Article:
I welcome the vaccine’s side effects as do my colleagues as we enrol this week as the guinea pigs of the Johnson & Johnson trial. This is the only vaccine to date that has shown significant efficacy in preventing severe COVID-19 or death as a result of the 501.V2 variant, the most common strain of COVID-19 in South Africa today.

It’s a single-dose vaccine, with 500 000 doses secured to inoculate healthcare workers over the next four weeks. This is a trial still at stage 3b, which means that it’s not yet registered anywhere in the world for commercial use, in spite of its rolling application in the United States, the United Kingdom, and South Africa.

The vaccine is being rolled out as an emergency measure while it awaits FDA (Food and Drug Administration) approval potentially at the end of this month. Should the vaccine prove to be effective amongst South Africa’s healthcare workers, it will give SAHPRA (the South African Health Products Regulatory Authority) the green light for commercial rollout to our citizens.

My social media feed has been preoccupied with posts by colleagues receiving their vaccines. I, too, have added my own story to this noise. In reality, it’s far from noise. The supportive response we have all received from the public has been overwhelming.

A dear pulmonology colleague and I engaged in conversation yesterday as to whether doctors should be “flaunting their receipt of a vaccine” on social media or rather just quietly receiving the jab under the radar.

After some meaningful thought, we both agreed on the former. The palpable excitement by the public to doctors’ Facebook posts is fuelled by some valuable perspectives which I would like to share with you. These are the reasons that our community members should feel joy that our healthcare workers are finally being vaccinated this week.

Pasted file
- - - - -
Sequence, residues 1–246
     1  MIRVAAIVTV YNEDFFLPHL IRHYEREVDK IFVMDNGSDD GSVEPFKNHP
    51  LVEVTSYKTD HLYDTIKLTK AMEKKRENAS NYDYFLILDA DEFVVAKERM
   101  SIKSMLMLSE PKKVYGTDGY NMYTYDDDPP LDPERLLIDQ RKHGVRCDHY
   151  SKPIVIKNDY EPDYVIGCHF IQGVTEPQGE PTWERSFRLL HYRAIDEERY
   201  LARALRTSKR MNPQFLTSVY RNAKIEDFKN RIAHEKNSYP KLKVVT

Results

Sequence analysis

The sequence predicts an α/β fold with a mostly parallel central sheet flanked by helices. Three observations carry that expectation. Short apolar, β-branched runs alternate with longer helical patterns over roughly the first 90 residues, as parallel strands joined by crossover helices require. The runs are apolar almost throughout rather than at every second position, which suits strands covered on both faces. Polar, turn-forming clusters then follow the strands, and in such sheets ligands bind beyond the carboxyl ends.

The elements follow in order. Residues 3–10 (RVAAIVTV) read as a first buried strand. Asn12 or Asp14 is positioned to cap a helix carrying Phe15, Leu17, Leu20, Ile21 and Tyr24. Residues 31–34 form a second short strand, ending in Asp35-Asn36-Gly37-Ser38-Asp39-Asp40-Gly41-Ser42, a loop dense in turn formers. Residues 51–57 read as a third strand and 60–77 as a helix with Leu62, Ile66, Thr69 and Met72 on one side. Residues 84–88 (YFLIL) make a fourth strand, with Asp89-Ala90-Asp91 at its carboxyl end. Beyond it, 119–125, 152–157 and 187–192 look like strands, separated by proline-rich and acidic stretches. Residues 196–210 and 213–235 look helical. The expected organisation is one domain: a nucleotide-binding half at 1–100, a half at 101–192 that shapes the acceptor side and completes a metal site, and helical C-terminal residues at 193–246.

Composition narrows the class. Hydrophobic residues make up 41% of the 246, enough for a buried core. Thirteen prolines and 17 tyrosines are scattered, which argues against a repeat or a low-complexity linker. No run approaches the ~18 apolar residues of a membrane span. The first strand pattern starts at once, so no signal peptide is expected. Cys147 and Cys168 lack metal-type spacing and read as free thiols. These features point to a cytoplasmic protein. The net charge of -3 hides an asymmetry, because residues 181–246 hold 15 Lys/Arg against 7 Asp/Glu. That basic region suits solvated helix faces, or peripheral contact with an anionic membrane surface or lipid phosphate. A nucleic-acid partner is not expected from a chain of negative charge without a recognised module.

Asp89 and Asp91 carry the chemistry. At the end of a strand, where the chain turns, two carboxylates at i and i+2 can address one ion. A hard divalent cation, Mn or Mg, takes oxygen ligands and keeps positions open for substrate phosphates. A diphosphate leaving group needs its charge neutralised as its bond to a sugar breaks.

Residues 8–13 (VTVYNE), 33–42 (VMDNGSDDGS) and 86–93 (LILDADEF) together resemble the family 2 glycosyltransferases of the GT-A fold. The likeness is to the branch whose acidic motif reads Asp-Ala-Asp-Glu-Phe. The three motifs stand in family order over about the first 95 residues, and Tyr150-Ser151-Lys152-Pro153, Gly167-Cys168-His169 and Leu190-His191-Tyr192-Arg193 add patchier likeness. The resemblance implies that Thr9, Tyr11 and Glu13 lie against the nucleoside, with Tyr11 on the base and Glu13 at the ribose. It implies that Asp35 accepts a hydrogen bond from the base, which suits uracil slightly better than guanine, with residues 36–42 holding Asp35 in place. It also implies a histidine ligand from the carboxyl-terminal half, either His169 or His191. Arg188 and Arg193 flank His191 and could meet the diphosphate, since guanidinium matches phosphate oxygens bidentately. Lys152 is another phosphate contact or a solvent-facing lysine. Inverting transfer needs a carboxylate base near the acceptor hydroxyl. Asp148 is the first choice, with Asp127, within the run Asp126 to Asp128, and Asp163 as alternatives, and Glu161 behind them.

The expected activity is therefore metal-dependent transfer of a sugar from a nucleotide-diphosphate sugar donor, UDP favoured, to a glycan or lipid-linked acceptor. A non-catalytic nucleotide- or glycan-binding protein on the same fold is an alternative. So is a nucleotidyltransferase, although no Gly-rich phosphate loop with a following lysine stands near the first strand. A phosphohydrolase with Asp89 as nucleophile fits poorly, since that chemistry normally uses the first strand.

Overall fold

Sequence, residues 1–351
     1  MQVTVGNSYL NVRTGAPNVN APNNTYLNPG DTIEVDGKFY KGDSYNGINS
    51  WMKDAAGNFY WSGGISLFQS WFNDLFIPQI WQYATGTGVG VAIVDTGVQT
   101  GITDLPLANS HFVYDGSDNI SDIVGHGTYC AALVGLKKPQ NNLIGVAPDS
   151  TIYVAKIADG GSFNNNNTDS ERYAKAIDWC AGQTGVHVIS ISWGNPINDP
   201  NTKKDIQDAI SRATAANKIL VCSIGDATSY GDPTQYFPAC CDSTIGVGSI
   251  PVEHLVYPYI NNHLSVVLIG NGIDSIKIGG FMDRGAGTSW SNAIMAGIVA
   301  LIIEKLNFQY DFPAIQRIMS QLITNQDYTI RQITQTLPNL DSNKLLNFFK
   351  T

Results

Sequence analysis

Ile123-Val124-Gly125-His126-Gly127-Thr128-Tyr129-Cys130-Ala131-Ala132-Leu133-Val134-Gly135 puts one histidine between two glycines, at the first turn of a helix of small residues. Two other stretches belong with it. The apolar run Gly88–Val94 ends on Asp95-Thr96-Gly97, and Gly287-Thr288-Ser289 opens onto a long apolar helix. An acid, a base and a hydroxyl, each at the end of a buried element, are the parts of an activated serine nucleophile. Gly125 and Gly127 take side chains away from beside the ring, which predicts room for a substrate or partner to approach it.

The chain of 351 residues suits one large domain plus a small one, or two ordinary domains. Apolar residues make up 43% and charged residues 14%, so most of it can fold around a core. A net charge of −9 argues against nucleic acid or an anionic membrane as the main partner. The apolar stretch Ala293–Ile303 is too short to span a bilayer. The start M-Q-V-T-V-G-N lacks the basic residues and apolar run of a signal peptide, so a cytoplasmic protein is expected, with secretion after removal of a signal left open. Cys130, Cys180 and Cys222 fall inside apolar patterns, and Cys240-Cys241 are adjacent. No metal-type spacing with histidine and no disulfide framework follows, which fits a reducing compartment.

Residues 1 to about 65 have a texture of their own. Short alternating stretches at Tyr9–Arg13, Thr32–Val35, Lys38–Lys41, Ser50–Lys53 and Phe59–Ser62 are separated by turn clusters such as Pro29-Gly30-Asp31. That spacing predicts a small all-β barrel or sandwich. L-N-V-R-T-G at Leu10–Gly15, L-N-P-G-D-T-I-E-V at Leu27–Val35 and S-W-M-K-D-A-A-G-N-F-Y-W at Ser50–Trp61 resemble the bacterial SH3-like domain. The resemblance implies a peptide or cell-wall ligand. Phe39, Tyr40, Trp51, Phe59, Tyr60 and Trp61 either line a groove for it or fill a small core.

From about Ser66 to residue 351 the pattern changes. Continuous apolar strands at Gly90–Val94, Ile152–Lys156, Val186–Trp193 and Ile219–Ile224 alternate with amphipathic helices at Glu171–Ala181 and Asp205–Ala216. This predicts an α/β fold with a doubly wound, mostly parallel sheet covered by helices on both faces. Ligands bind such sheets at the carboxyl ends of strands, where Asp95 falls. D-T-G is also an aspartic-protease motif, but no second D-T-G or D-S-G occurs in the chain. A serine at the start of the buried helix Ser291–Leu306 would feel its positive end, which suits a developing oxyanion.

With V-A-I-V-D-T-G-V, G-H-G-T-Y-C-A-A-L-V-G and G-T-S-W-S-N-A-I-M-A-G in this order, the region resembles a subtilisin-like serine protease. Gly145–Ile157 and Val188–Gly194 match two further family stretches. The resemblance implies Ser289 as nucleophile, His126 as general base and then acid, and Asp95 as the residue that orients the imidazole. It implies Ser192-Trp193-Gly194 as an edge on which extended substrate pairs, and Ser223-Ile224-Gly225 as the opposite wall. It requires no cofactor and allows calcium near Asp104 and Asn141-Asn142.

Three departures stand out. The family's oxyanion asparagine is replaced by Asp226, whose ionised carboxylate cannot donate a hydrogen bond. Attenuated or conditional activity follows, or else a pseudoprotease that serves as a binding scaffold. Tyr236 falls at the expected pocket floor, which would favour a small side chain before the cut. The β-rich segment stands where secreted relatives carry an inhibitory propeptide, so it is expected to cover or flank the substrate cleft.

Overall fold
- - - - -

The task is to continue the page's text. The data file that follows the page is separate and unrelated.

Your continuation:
The healthcare worker’s safety perspective: during surges of COVID-19 infection, patients have described the thought of not being able to see their doctors, nurses, and paramedics with ease as a terrifying dynamic. Statistics have shown that healthcare workers are three to four times more likely to develop COVID-19 than the general public. As many as 54 685 healthcare workers in the public sector alone have been infected with COVID-19 over the past year, with 779 losing their lives.

Unfortunately, every community doctor knows another doctor who has either contracted a serious COVID-19 infection or even lost their life to this plague. The vaccine offers you the promise that your doctors will be protected and able to help you when you may need them whether for COVID-19 or another reason.

The experimental perspective: the AstraZeneca vaccine taught us that in the dynamic, evolving space of COVID-19, variants affect efficacy tremendously. This phenomenon is so significant, that an already procured vaccine at one million units had to be returned. It’s still unknown whether the Johnson & Johnson vaccine will indeed be effective in large numbers on the ground, beyond the limited sample size of the original study in South Africa.

It’s best to run a live trial on largely healthy healthcare workers. I have my predictions that even with the Johnson & Johnson vaccine, modifications will need to be made to the product in the near future. Dr Glenda Gray advised me that a two-dose regimen is also being explored. Other expert vaccinologists have reported that it’s relatively simple to modify vaccines. As a member of the public, you will hopefully have access to the next round of vaccines – the improved version two.

The snowball perspective: this is the mindset that has excited me most since the rollout of vaccines a week ago. Every country with a functional vaccine campaign started off by vaccinating its healthcare workers. They constitute less than 5% of the population. Once healthcare workers start being vaccinated, the rollout soon spreads to essential workers and the elderly and vulnerable. Thereafter, vaccines are offered to younger healthy adults.